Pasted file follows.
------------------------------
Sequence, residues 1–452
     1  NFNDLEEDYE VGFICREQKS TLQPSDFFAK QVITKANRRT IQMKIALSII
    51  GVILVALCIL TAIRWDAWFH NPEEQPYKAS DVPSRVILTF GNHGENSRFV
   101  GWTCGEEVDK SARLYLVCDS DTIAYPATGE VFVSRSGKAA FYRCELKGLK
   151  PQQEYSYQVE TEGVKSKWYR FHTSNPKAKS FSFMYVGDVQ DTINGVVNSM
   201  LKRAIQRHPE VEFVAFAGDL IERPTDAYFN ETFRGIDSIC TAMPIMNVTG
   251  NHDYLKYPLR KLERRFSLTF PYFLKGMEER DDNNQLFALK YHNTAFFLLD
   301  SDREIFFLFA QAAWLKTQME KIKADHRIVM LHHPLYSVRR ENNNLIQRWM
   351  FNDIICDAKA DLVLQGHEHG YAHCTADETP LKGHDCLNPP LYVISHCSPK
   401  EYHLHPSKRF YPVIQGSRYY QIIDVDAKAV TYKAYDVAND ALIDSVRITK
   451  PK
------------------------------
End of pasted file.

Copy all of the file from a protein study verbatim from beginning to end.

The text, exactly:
Sequence, residues 1–452
     1  NFNDLEEDYE VGFICREQKS TLQPSDFFAK QVITKANRRT IQMKIALSII
    51  GVILVALCIL TAIRWDAWFH NPEEQPYKAS DVPSRVILTF GNHGENSRFV
   101  GWTCGEEVDK SARLYLVCDS DTIAYPATGE VFVSRSGKAA FYRCELKGLK
   151  PQQEYSYQVE TEGVKSKWYR FHTSNPKAKS FSFMYVGDVQ DTINGVVNSM
   201  LKRAIQRHPE VEFVAFAGDL IERPTDAYFN ETFRGIDSIC TAMPIMNVTG
   251  NHDYLKYPLR KLERRFSLTF PYFLKGMEER DDNNQLFALK YHNTAFFLLD
   301  SDREIFFLFA QAAWLKTQME KIKADHRIVM LHHPLYSVRR ENNNLIQRWM
   351  FNDIICDAKA DLVLQGHEHG YAHCTADETP LKGHDCLNPP LYVISHCSPK
   401  EYHLHPSKRF YPVIQGSRYY QIIDVDAKAV TYKAYDVAND ALIDSVRITK
   451  PK